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Ties of Blood: Gender, Race, and Faulkner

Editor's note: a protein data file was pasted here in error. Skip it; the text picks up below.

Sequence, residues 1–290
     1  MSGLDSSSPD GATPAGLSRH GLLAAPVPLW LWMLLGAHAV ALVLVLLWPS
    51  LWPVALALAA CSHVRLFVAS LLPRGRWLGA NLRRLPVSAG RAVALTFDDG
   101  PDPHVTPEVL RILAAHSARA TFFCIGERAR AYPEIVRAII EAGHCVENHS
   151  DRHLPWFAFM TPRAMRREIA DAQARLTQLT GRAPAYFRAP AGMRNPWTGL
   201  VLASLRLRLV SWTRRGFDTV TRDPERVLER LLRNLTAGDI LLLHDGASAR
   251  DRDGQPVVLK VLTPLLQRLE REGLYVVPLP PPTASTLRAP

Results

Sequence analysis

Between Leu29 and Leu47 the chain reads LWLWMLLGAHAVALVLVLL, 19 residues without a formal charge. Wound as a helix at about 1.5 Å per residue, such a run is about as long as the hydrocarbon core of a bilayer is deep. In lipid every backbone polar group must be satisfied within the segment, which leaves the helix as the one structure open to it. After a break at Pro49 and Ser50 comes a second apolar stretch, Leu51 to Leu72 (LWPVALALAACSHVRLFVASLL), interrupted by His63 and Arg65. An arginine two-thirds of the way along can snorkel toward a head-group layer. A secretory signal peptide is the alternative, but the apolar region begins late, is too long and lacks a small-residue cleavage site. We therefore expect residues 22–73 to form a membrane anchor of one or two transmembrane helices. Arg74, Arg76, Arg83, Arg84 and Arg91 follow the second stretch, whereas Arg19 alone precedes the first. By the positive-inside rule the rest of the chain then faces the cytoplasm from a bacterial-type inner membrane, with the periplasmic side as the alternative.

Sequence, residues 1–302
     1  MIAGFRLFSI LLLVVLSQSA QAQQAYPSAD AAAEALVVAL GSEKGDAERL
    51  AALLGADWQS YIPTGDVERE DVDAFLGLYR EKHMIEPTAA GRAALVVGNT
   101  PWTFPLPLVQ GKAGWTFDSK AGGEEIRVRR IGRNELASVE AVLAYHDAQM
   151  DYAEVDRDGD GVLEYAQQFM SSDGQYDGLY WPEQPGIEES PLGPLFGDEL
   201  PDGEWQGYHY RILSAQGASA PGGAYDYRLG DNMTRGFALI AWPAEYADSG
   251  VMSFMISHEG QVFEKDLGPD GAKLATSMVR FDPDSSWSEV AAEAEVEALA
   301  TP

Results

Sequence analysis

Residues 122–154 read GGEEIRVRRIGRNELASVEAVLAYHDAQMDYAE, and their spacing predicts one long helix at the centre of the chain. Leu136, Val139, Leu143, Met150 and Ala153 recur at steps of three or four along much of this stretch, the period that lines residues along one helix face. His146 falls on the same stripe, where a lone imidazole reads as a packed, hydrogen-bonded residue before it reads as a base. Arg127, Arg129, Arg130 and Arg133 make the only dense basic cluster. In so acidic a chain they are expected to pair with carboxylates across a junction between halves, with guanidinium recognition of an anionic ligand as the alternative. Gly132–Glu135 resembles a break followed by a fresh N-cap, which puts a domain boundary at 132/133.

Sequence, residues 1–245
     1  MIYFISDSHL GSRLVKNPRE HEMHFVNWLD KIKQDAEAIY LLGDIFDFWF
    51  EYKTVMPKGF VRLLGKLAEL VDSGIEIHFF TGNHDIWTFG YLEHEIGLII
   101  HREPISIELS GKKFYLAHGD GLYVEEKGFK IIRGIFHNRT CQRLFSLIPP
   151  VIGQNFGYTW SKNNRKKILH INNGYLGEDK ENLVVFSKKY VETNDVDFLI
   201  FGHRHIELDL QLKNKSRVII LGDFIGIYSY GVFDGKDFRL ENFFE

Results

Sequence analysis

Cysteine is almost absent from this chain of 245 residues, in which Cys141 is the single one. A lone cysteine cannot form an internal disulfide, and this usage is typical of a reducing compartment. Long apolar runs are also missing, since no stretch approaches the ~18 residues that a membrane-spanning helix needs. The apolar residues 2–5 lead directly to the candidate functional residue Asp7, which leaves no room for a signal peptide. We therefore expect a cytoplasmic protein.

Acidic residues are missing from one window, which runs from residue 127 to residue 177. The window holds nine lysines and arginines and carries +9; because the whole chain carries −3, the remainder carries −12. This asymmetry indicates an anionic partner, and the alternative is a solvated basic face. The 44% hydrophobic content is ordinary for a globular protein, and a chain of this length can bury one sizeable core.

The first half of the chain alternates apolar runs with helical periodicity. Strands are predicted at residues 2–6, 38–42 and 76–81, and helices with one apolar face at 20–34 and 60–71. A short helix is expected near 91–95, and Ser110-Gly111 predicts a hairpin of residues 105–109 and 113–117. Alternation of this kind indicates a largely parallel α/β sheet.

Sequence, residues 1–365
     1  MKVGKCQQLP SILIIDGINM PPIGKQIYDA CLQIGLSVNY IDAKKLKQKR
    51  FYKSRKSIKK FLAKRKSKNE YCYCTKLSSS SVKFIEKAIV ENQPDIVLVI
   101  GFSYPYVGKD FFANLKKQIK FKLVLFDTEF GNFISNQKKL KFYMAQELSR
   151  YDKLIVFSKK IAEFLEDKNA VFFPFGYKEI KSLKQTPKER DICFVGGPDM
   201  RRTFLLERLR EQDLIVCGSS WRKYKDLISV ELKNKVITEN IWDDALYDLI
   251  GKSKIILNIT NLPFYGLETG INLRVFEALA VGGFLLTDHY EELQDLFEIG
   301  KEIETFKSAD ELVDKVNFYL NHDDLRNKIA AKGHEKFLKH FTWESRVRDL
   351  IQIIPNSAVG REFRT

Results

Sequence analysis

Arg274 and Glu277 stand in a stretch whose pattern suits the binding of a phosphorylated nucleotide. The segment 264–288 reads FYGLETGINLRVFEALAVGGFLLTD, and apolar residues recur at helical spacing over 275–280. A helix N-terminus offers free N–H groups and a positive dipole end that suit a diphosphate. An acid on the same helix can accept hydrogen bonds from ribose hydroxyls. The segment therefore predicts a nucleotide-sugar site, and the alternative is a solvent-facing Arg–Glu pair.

This dissertation proposes a new reading of William Faulkner's career from his first novel, Soldiers' Pay (1926), through The Sound and the Fury (1929). I argue that Faulkner's probing of sexual relations in the 1920s provides the necessary context for understanding his treatment of race relations in the 1930s, and that his turn toward the issue of miscegenation should be read as a moment of crisis and transformation, in which racial anxiety explodes within an established landscape of sexual anxiety that takes the female body as its troubled matrix. Reading this crisis requires that we rethink the overall shape of Faulkner's career, starting with the text widely regarded as his first "important" novel. By resituating The Sound and the Fury within the context of the earlier, under-appreciated writings--Soldiers' Pay, Elmer, Mosquitoes, and Flags in the Dust--I argue that the novel is a pivotal rather than seminal text, one that newly articulates the psychosexual drama of the early career to the socio-historical problems that will increasingly occupy Faulkner in his subsequent work. Only when we see how the inward, psychological explorations of the early writings enable Faulkner's engagement with the U.S. South, and how his turn toward his "native soil" expands and enriches the solipsistic landscapes of the previous novels, can we begin to understand the complex ways that gender and race, psychosexual trauma and historical injury, speak through, for and over one another in the author's later work.

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